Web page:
LONDON (Thomson Reuters Foundation) - With 45 per cent of senior management positions held by women, Russia has once again topped a ranking of countries with the highest percentage of women in senior business roles, followed by the Philippines and Lithuania, a report published on Tuesday (March 8) said.
Japan, where only 7 per cent of senior leadership roles are held by women, remained at the bottom of the list. Germany and India ranked slightly higher, with 15 per cent and 16 per cent of women in senior management, respectively.
Globally, only a quarter of senior management positions are held by women, up from 22 per cent a year before, according to"Women in Business" published by the United Kingdom-based audit and tax firm Grant Thornton.
The number of businesses with no women in senior management has increased to 33 per cent from 32 per cent in 2015, the report, which surveyed 5,520 businesses in 36 countries, said.
"Companies across developed nations have talked the talk on diversity in leadership for long enough," Ms Francesca Lagerberg, global leader for tax services at Grant Thornton International said in a statement. "It's time to put their promises into practice and deliver results."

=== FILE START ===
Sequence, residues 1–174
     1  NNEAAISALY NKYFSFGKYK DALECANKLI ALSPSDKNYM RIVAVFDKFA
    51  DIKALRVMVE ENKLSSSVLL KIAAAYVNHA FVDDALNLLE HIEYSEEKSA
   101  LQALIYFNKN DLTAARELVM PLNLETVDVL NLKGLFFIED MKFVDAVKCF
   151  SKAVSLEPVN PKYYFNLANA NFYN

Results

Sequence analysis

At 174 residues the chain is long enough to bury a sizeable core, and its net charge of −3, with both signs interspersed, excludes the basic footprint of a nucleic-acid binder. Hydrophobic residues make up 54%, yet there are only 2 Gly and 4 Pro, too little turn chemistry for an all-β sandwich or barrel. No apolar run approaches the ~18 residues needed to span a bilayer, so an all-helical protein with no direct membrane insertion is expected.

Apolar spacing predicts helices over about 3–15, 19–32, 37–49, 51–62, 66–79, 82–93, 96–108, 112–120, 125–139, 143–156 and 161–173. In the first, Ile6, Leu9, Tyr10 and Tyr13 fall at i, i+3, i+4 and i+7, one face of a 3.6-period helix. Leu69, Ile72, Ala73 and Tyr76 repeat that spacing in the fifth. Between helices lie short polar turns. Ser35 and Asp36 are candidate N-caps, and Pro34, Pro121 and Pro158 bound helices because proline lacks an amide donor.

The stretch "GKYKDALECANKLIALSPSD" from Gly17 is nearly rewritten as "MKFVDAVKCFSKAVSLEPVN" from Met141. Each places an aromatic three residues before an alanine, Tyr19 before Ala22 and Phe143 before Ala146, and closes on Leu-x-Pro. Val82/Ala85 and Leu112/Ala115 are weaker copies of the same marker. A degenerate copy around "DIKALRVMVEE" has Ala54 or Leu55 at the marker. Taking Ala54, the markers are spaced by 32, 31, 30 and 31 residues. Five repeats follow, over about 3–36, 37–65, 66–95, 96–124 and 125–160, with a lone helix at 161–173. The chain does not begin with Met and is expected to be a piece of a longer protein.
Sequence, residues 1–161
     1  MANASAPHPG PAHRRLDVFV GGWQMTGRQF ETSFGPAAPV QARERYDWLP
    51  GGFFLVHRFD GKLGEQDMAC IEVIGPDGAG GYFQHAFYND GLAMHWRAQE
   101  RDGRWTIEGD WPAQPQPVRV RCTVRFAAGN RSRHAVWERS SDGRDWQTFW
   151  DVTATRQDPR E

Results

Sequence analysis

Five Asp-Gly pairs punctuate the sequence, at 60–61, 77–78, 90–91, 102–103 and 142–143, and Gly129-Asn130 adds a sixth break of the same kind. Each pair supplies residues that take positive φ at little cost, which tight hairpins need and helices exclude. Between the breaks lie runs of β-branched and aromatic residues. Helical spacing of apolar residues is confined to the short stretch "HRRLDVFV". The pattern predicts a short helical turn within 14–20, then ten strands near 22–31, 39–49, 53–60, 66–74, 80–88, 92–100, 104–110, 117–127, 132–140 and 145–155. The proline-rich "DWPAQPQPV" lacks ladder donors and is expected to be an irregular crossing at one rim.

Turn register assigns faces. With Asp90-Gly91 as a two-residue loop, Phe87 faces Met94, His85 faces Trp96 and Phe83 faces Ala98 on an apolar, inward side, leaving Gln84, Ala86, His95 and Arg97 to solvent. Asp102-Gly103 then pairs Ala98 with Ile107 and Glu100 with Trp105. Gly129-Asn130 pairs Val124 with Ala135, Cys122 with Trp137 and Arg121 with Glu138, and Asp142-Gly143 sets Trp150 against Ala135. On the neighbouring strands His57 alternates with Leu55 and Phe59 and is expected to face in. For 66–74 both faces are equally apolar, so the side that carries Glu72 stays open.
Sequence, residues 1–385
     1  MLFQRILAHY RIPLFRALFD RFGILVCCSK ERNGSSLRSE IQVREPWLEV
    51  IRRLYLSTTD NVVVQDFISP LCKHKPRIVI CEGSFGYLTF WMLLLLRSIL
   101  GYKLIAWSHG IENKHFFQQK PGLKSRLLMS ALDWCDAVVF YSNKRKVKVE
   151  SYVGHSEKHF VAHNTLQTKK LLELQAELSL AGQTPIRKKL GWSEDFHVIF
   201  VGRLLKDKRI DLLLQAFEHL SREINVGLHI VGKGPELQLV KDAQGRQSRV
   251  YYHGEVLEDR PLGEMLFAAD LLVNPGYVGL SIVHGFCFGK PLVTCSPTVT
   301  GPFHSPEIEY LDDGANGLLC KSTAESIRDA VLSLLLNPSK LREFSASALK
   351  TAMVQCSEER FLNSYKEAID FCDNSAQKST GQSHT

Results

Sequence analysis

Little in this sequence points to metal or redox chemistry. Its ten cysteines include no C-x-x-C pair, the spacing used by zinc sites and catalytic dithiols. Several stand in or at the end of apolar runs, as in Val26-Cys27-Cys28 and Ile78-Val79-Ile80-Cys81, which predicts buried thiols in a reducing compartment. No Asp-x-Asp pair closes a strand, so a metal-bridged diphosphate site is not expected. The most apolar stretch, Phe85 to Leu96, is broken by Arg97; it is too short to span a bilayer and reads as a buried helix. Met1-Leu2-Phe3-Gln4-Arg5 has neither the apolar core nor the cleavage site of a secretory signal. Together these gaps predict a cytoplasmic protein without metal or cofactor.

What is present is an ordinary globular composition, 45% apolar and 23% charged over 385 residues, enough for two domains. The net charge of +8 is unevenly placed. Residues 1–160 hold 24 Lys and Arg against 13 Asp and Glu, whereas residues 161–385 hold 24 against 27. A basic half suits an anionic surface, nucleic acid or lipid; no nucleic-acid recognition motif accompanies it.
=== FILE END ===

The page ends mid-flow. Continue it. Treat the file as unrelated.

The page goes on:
With more than a third of senior roles in the region held by women, eastern European countries, among them Estonia, Latvia and Poland, topped the diversity rankings.
Meanwhile, 39 per cent of businesses in G-7 countries (Canada, Germany, Italy, France, Japan, Britain and the United States) had no women in senior management positions.
"Despite considerable efforts by governments and campaigners across the world's best-developed economies to ensure best practice they continue to lag behind emerging markets in (the diversity) area," Ms Lagerberg said. "This poor performance seems to be at least partly a result of entrenched societal norms. In the UK and US in particular, there are still plentiful examples of a 'command and control'approach to leadership which is not necessarily attractive to women."
Eastern European countries owed some of their diversity to the legacy of the communism and its principles on equality, the report said.
Correction note: An earlier version of this article stated that Grant Thornton was based in the United States, when it is actually based in the United Kingdom. The story has been edited to reflect the change.